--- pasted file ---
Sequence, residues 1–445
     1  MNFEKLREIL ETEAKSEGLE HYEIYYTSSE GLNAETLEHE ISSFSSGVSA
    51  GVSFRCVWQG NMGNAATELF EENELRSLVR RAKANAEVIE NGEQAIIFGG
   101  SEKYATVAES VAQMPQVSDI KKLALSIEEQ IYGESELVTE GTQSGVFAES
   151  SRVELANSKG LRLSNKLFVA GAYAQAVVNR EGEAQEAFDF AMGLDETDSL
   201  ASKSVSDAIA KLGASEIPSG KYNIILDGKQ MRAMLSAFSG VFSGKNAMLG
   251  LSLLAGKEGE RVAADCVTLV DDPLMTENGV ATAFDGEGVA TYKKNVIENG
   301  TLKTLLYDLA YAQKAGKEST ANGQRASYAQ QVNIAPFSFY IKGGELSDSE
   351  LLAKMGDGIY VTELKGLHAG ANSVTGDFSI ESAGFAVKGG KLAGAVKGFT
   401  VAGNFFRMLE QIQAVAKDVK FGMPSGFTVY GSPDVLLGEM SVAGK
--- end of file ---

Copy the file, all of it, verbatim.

Sequence, residues 1–445
     1  MNFEKLREIL ETEAKSEGLE HYEIYYTSSE GLNAETLEHE ISSFSSGVSA
    51  GVSFRCVWQG NMGNAATELF EENELRSLVR RAKANAEVIE NGEQAIIFGG
   101  SEKYATVAES VAQMPQVSDI KKLALSIEEQ IYGESELVTE GTQSGVFAES
   151  SRVELANSKG LRLSNKLFVA GAYAQAVVNR EGEAQEAFDF AMGLDETDSL
   201  ASKSVSDAIA KLGASEIPSG KYNIILDGKQ MRAMLSAFSG VFSGKNAMLG
   251  LSLLAGKEGE RVAADCVTLV DDPLMTENGV ATAFDGEGVA TYKKNVIENG
   301  TLKTLLYDLA YAQKAGKEST ANGQRASYAQ QVNIAPFSFY IKGGELSDSE
   351  LLAKMGDGIY VTELKGLHAG ANSVTGDFSI ESAGFAVKGG KLAGAVKGFT
   401  VAGNFFRMLE QIQAVAKDVK FGMPSGFTVY GSPDVLLGEM SVAGK